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Vacation Packages: More Stress than Relaxation?

A retired couple from La Plata received a call saying they had won a free trip - but to claim it they had to come to a sales office for a presentation about a vacation membership club.  At the office, the salesman said that if they joined the club, they could stay in deluxe accommodations for the price normally paid to stay in motels.  He showed them photos of beautiful resorts and was very persistent.  They joined the club and paid $2,500.  Their free trip turned out to be to a run-down hotel in Atlantic City and did not include transportation.  Also, the club never honored their requests to arrange a vacation to Mexico.  In fact, the club went out of business a few months later, taking their money with it.


Promises of a free trip and deep discounts on future vacations can be very appealing.  The problem is, many consumers who sign up for vacation or travel clubs, timeshares, or campground memberships don’t get what they were promised, or the cost puts more of a bite in their monthly budget than they had anticipated.  They spend a lot of money up front for services that either are not available or turn out to be of poor quality, only to learn that they can’t get a refund.

Vacation sales promotions typically begin with a postcard, letter or telephone call.  You’re led to believe the company tried hard to contact you because you’ve been selected to receive a car, vacation or other valuable prize.  The mailing may use words like “grand finalist,” ”urgent” or “winner,” and appear to be sent by special mail or courier.  In fact, bulk rate postage is usually used to mail the same card to thousands.   In addition, the company often doesn’t say what it is selling.

The purpose of these come-ons is to get you to the company’s place of business, where you’ll be pressured to submit to a sales presentation.  Before receiving your prize, you’re asked to take a tour of the campground or timeshare facility, or speak with the travel club’s representative.  A series of salespeople will use-high pressure tactics to try to get you to make a major purchasing decision on the spot.  They may offer a “great deal” that's “only available that day,” so you can’t take the contract home to think it over.

Some consumers have reported sales pitches lasting up to 9 hours, during which they felt so hungry and exhausted, they signed a confusing contract just to go home.  And when they finally got their promised “fabulous” prize, it was of little value.

Disappointing Reality

Many consumers who spent a lot of money on vacation packages didn’t get what was promised during the sales pitch.  Some weren't able to get the dates or locations they requested. Others didn’t receive the promised savings because of added fees, dues and costs.  Others found the accommodations to be very poor - so poor that they refused to stay in them and paid for other accommodations.  Worst of all, some consumers never got to take a single vacation and lost all the money they had paid because their travel company abruptly went out of business.

How to Resist the Hard Sell

A company shouldn’t need to lure you to a sales presentation by promising a prize.  Go only if you know what the company is selling and if it is a service you’re interested in.  If you go, ask detailed questions and insist on clear answers.  Also:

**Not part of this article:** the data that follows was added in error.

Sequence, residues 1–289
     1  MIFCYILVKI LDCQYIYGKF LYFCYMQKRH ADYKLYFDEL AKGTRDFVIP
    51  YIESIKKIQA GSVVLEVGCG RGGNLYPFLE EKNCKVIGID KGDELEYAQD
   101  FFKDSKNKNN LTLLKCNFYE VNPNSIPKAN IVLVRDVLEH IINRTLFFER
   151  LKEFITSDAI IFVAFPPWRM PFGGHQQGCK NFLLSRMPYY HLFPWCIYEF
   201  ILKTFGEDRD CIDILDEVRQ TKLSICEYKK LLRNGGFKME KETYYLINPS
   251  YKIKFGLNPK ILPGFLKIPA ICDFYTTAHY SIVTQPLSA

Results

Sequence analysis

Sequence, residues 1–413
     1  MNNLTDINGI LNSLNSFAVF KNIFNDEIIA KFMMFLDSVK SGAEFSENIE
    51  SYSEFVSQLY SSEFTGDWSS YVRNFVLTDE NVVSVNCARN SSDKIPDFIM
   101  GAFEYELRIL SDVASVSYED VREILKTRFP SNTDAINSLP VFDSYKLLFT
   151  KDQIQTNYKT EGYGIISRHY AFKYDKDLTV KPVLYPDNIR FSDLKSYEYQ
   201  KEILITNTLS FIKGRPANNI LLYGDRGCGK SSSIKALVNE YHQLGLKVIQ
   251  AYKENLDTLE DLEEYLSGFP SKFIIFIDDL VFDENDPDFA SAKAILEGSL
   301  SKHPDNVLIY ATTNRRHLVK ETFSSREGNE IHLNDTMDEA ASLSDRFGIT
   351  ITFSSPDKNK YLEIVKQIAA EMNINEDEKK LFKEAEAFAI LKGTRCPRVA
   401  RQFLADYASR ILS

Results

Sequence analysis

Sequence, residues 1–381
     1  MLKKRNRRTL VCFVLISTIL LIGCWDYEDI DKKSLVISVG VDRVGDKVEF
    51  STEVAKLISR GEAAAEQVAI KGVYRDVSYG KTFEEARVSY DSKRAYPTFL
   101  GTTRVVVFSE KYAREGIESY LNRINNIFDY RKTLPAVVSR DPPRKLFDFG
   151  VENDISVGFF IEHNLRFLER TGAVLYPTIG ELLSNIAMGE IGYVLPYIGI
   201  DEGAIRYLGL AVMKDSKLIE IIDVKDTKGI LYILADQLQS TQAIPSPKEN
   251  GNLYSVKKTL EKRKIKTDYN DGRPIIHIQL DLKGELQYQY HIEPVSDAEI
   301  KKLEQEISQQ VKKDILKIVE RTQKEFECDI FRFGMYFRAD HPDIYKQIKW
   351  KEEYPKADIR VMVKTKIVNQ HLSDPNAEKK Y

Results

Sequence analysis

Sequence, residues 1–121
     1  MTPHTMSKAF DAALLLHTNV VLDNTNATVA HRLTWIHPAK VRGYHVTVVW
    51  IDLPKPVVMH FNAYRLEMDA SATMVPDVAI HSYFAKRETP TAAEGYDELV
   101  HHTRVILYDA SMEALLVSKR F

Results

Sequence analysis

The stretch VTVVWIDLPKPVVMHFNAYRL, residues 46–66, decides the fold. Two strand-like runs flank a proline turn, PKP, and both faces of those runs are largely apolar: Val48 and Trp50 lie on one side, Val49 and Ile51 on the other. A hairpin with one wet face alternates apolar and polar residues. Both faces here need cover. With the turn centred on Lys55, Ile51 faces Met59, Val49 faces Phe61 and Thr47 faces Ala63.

• Check out the company beforehand. Ask for the names of customers you can call.  Call the Consumer Protection Division and the Better Business Bureau to see if there are any complaints against the company.  Note that many of these companies are so new that no complaints have yet been filed, but that doesn’t mean that there won’t be problems in the future.

  • Never make your decision on the spot.  Insist on taking the contract home to study it, and if the business won’t allow you to do that, leave.  Claims about offers being for “today only” are usually bogus - they will be only too happy to see you if you return another day.

  • Even after reviewing the contract at home, never sign up unless you’re sure about your decision.  Although you have 10 days to cancel a timeshare, vacation or campground membership sold in Maryland, exercising your right to cancel isn’t always easy.  While the salesperson may imply that you will be able to easily sell your interest in a timeshare or campground, many consumers have found that to be difficult or impossible.  Understand all the costs.  What is and isn’t included?  Are there extra fees for maintenance, processing, dues, peak season, upgrades, hotels, airlines, port taxes and meals?

  • Make sure the company’s rules suit your needs.  How far in advance must you request accommodations?  How does the company obtain accommodations for you?  When will the company confirm your reservations?  Don’t buy deals “subject to availability” unless you can easily change your plans.

  • Finally, be very wary about paying a lot of money up front.  What if you invest thousands of dollars and the company goes out of business?  There are few, if any options, available for consumers in this situation.

You can find the contact information for your local Better Business Bureau on their national website at http://www.bbb.org/us.

If you have questions or complaints about vacation membership clubs, timeshares or campgrounds, call the Consumer Protection Division at 410-528-8662 or 1-888-743-0023.  You may also file an online complaint at http://www.oag.state.md.us/Consumer/complaint.htm.

March 2011

Maryland Attorney General's Consumer Protection Division
Consumer hotline: (410) 528-8662 or 1 (888) 743-0023 toll-free

 
 

Attorney General of Maryland 1 (888) 743-0023 toll-free / TDD: (410) 576-6372
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